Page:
One of the hazards of doing a blog like TWBITW is that you tend to get pretty jaded. Jake and I sift through so much oddball music that after awhile, we start to get a little hung up on the dog and pony aspect of the whole thing. It’s like—yeah, okay, you guys sound kinda weird, but do you wear goofy costumes or claim to be from another planet? No? Next!
But every so often, someone introduces us to a piece of music that’s just so downright bizarre, so totally unlike anything we’ve ever heard, it really doesn’t need any kind of wacky backstory or WTF visual accompaniment. Such was the case with French musician-composer Ghédalia Tazartès and his 1979 masterpiece, Diasporas.
We got wind of this completely wackadoodle album thanks to a cool little reissue label called Dais Records, who have only been around since 2007 but have already rescued a shit-ton of weird music from the scrapheap. Apparently it’s not quite available yet—we’re not sure what the release date is—but we got an email with a download of the track “Un Amour Si Grand Qu’il Nie Son Objet” and it pretty much knocked us on our asses. You can hear the whole sighing, moaning, nine-minute monstrosity in the YouTube clip below. [Update: No, you can’t. And the Diasporas reissue is sold out. Read more below.] Trust us: Don’t listen to it alone after dark or in an altered state of consciousness. Actually, listening to this will probably alter your consciousness all by itself.
We haven’t been able to find out too much else about Tazartès. We do know that he still occasionally does concerts (and he and his music are as bizarre as ever) and, according to his French Wikipedia page, he still releases music. He also apparently operates out of a home studio in Paris that looks like something out of a Jean-Pierre Jeunet movie. He was interviewed in the September 2008 issue of Wire but as far as we can tell, the interview’s not available online. The only other English-language article we could find on him is this unreadably pretentious mess. So he remains a bit of enigma, at least to us poor Americans. Hopefully the Dais reissue will help to change that.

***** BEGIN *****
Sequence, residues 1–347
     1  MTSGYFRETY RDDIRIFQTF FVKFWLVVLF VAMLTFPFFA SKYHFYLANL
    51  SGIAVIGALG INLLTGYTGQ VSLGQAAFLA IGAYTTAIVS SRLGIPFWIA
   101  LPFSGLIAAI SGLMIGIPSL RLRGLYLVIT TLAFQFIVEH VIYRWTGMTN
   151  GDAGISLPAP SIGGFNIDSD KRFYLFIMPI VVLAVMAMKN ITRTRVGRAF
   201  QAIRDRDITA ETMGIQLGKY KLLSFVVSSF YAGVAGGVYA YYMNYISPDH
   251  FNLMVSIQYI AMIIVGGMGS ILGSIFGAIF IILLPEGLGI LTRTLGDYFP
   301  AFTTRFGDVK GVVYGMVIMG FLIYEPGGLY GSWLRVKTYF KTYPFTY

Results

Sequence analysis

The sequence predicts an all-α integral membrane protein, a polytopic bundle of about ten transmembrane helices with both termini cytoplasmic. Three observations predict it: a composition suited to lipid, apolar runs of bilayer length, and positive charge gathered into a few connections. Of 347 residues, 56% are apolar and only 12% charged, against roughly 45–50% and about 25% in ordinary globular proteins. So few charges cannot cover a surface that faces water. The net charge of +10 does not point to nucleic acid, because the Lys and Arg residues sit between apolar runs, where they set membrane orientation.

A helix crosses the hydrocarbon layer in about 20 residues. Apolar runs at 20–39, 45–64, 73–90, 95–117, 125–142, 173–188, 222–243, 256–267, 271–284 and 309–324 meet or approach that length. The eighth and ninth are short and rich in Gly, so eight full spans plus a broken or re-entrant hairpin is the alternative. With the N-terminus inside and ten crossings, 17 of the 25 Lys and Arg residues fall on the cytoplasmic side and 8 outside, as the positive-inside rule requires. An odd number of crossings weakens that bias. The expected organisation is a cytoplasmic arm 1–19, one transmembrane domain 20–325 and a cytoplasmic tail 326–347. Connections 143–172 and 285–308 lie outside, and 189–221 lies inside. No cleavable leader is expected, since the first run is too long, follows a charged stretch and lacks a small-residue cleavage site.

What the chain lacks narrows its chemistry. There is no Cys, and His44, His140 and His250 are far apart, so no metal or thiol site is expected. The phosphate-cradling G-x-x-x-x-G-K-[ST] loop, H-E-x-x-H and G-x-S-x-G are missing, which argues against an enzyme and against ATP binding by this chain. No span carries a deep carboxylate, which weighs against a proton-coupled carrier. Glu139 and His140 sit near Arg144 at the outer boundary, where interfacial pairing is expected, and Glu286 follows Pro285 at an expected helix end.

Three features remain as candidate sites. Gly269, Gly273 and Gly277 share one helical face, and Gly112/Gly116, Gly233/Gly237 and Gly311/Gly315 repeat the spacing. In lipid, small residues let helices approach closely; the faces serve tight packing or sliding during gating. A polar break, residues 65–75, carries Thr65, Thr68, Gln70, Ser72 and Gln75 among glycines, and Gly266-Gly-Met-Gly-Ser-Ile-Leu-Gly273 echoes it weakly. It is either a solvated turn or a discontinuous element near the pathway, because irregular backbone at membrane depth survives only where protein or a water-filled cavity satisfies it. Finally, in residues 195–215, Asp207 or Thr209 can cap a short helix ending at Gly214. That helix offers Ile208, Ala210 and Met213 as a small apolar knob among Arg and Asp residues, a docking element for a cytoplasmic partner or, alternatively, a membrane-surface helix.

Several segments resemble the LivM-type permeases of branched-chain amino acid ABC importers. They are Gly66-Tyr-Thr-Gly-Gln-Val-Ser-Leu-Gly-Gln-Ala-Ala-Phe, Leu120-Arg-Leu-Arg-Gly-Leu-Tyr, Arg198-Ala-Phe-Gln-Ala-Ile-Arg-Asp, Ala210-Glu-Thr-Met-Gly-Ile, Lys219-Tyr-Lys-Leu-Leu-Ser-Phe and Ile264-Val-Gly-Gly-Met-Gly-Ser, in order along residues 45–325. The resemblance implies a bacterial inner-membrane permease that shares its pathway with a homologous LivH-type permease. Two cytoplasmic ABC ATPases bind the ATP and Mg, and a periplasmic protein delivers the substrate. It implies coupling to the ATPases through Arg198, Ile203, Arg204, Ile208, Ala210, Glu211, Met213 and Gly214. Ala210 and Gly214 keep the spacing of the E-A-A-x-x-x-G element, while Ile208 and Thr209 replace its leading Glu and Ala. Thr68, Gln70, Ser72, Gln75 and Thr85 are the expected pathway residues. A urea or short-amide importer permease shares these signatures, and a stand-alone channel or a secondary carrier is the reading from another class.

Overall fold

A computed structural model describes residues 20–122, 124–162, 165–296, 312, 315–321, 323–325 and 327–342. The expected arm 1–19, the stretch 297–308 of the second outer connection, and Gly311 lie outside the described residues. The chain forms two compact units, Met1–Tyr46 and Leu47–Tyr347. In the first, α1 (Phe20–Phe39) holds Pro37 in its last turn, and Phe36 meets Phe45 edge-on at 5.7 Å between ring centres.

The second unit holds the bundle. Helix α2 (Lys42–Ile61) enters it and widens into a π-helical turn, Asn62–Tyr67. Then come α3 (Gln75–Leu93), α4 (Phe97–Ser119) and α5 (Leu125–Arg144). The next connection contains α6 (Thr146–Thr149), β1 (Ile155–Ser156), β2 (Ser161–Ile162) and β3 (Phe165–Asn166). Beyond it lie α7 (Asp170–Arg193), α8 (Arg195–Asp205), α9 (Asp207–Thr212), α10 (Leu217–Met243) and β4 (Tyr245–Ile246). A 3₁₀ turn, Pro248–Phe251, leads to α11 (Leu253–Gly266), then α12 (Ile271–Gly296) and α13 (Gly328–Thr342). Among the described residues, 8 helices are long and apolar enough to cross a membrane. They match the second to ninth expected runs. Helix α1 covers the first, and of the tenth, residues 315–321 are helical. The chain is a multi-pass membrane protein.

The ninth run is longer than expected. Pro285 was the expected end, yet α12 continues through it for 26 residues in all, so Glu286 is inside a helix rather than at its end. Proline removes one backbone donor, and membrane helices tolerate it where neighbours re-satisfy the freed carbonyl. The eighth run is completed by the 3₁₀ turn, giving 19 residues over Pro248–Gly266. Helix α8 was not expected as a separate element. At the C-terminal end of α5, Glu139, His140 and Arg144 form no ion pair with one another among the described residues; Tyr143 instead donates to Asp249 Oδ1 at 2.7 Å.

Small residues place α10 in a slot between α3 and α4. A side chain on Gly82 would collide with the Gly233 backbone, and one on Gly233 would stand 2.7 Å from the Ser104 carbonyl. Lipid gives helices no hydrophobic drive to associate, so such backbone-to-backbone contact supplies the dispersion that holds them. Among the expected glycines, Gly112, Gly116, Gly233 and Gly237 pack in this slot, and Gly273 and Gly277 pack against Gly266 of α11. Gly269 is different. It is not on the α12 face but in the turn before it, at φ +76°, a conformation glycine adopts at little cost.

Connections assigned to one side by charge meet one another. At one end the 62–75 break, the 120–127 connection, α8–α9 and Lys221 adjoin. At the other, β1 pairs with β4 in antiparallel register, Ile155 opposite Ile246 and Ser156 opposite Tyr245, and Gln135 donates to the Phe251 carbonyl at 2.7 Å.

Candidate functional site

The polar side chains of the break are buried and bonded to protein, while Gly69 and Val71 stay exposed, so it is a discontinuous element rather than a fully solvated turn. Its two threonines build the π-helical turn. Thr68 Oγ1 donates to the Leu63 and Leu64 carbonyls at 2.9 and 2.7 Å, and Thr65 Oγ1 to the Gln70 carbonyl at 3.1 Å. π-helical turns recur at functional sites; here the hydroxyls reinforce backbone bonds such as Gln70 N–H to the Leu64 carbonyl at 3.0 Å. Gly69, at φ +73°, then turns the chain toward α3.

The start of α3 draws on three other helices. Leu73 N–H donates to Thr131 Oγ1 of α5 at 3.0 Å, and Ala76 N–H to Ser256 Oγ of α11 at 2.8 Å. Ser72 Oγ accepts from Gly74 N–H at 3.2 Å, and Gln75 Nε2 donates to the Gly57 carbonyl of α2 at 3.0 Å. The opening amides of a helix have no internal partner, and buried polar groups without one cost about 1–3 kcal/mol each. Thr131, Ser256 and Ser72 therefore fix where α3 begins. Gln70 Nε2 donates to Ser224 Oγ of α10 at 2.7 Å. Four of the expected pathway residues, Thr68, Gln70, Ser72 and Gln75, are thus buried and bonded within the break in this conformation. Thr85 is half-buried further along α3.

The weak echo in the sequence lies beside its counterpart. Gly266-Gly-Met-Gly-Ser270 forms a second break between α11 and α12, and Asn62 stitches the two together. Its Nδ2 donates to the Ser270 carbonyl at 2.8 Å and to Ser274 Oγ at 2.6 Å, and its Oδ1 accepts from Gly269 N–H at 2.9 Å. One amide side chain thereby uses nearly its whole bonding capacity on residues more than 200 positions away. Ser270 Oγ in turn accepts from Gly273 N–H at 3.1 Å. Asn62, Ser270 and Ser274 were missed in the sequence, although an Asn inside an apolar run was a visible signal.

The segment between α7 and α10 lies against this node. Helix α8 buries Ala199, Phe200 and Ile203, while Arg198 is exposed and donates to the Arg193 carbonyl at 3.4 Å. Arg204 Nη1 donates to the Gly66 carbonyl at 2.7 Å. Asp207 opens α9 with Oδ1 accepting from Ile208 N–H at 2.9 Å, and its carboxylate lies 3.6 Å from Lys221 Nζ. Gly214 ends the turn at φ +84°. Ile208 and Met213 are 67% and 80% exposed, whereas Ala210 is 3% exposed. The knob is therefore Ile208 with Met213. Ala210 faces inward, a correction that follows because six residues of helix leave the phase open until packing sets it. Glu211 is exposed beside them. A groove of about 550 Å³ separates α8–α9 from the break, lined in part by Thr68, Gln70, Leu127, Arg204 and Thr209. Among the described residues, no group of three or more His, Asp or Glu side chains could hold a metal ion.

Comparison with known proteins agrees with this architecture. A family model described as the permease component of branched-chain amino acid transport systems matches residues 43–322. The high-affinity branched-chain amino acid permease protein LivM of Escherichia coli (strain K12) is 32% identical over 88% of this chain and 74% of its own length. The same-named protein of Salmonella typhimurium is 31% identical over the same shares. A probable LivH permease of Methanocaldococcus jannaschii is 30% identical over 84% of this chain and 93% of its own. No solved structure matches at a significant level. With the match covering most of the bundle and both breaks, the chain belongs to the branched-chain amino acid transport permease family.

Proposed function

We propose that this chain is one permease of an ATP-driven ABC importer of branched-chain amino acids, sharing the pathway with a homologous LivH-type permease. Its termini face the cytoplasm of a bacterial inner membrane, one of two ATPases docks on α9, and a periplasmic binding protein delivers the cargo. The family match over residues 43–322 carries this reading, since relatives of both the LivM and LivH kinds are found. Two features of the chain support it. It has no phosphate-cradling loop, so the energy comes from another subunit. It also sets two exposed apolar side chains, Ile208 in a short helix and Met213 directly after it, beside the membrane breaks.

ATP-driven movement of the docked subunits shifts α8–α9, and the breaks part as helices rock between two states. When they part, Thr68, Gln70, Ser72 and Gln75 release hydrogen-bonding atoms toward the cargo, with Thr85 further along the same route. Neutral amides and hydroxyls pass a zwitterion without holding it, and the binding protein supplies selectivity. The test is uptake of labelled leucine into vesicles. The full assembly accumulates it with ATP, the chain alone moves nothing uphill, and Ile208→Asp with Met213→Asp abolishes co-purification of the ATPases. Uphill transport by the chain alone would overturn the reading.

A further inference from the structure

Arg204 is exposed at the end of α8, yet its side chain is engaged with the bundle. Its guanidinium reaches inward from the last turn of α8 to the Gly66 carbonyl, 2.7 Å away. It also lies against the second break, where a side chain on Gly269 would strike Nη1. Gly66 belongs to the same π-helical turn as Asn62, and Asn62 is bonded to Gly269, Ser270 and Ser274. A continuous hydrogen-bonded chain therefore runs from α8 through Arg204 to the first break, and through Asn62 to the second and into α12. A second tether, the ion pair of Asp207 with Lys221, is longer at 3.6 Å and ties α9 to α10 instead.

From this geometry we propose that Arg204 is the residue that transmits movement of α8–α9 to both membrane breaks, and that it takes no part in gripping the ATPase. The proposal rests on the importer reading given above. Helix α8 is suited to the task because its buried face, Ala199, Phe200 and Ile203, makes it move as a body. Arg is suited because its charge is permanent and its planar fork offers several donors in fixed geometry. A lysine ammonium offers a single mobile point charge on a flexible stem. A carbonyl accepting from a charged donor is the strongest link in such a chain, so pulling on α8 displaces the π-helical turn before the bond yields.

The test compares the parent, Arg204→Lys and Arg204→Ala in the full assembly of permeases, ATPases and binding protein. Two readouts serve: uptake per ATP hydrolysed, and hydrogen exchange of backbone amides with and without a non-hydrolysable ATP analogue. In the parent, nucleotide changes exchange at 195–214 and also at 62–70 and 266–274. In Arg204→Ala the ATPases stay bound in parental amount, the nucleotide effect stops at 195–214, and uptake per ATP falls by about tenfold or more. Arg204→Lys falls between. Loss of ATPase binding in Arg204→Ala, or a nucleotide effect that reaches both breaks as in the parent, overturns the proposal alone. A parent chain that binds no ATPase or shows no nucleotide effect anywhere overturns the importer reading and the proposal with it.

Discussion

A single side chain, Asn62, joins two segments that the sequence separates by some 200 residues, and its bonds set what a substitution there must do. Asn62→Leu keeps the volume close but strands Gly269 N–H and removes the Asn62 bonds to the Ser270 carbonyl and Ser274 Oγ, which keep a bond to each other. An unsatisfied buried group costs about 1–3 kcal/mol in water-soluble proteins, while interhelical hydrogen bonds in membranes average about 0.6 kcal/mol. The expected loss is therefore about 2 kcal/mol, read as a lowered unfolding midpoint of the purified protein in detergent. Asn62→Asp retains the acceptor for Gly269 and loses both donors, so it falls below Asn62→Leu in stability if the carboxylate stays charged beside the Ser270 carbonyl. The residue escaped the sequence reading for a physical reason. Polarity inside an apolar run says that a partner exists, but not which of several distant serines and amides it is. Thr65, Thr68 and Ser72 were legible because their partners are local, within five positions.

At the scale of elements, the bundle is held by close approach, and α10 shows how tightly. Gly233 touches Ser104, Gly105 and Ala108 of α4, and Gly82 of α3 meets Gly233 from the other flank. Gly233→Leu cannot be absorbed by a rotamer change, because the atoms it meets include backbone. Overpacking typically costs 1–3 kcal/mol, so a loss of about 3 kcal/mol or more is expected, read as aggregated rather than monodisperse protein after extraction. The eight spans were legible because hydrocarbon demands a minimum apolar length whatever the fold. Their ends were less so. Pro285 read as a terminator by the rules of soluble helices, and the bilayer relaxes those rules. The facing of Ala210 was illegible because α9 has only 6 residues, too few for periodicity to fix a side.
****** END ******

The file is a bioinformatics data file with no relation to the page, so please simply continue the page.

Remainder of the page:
We could attempt to describe Tazartès’ music–French avant-garde gypsy trance minimalism?–but really, there’s not much point. You just have to hear it. This guy is attuned to some other frequencies, for real.
P.S. We originally embedded a YouTube clip of this track from a YouTube channel called Undergroundedful, but the whole channel has since been taken down due to copyright claims. While we totally recognize the right of copyright owners to protect their work, we also think it’s a bummer when obscure and hard-to-find music gets taken off the Internet and put further out of the reach of potential new audiences. Anyhow, hopefully the above YouTube video stays up a while longer.
P.P.S. Okay, so the second YouTube clip was also removed due to copyright claims. Apparently Mr. Tazartes, or one of his representatives, really doesn’t want the Internet to know he exists. But hey, third time’s a charm, maybe?
P.P.P.S. A kindly reader provided a Soundcloud link to “Un Amour Si Grand Qu’il Nie Son Objet” in the comments, but we decided to delete it because, unfortunately, we have to be careful about such things. If anyone knows of any authorized Tazartes music available online, let us know about it, please! We’d like our readers to hear more of his weirdly beautiful stuff for themselves.
- Ghédalia Tazartès discography (from Forced Exposure)
- More info on Ghédalia Tazartès (from Julie Tippex)
- Ghédalia Tazartès’ catalog on Amazon.com (MP3s)